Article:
What a question. My initial thought is that’s a question neither Anie nor anyone else would want to be asked. It leads to too much vulnerability; it’s too hard to create the pulmonary pressure and tongue placement required to verbalize the response we feel is most truthful.

But on second thought, I wonder if part of us wants to be explicitly asked that question because some truths are too hard to reveal to the people we care most about on our own, without the encouragement of Beyond the Blah Jar.

If I were asked that question, maybe I’d say I’d regret not having told my brother that the way he treated me during the years I received and recovered from cancer treatment was perfect, that I wouldn’t have wanted anything from him beyond what he gave, all those days and nights he spent hanging out watching sports and movies with me and carrying on as if little had changed in our lives besides him occasionally having to press pause to empty the contents of my puke bucket into the toilet.

Yes, I think, I may say that if asked that question, but I’m unsure if I could say that outright. I don’t think I could say to him directly, like during a halftime commercial break while watching a Redskins game together, “So, if I were to die, I’d most regret not having told you, ‘Thank you.’”

Yes, sometimes it’s easier to die than to find the courage to reveal a truth openly. Sometimes, we need encouragement. Sometimes, we can only reveal a truth when forced to confront an inquiry from Beyond the Blah Jar.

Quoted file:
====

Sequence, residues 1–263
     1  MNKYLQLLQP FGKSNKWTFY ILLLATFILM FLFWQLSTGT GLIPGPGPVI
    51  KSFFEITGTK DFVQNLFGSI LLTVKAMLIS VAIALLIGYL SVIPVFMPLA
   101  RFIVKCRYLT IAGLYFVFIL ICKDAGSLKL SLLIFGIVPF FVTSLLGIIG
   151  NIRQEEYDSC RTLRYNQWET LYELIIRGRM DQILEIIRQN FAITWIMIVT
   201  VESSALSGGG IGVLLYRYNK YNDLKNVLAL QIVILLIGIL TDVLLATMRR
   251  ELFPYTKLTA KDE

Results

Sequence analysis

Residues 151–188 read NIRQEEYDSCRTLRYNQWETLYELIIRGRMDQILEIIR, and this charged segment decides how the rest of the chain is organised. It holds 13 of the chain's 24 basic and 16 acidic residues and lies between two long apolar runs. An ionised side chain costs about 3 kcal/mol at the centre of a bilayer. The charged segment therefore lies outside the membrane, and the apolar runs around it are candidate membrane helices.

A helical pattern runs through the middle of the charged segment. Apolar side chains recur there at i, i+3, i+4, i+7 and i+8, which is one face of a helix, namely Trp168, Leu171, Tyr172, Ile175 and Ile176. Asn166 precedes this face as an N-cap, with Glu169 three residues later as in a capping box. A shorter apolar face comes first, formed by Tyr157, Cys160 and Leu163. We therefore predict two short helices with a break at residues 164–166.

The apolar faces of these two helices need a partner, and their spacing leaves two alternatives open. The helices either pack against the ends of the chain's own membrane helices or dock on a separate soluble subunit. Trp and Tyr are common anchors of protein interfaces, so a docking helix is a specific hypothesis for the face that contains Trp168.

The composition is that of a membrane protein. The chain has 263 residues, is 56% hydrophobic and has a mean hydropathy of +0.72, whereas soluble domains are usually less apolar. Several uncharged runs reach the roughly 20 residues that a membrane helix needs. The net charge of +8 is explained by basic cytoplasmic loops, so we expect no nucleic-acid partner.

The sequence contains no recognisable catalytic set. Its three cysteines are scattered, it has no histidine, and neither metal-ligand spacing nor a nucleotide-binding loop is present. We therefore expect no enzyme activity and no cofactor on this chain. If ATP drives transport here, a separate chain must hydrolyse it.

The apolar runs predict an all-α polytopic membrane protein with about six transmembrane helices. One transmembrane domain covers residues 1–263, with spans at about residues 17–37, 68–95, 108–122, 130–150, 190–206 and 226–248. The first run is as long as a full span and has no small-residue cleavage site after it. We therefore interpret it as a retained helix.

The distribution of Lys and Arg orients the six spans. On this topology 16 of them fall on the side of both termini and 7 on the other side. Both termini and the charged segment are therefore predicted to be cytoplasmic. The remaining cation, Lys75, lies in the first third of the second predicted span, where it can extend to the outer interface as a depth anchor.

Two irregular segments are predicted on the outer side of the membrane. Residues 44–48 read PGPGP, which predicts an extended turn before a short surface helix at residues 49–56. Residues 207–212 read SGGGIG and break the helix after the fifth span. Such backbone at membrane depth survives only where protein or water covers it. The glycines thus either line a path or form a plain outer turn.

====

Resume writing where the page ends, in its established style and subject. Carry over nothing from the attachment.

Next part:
Once I finished adding the 36 Questions That Lead to Love, I added two of my own questions. I stole the next 12 from Tim Ferriss’s book, Tools of Titans, and pirated StoryCorps for Beyond the Blah Jar’s remaining 36 questions.

StoryCorps’s mission is to record, preserve, and share others’ stories. StoryCorps inspired me to virtualize my jar on occasions when my coffee table with the jar propped on it wasn’t around. For example, when I would visit my parents at their Manassas, Virginia house, the same one in which I grew up.

Four times since then, my parents have answered my questions from my virtual Beyond the Blah Jar, and I audio-recorded them. Mom’s answers included stories about her zayda and where her passion for social work stemmed from. For another question directed at both of them, their answer led to a story about our summer vacations during my childhood. My, how they sacrificed their own passions and joys so my brother and I could pursue and have ours!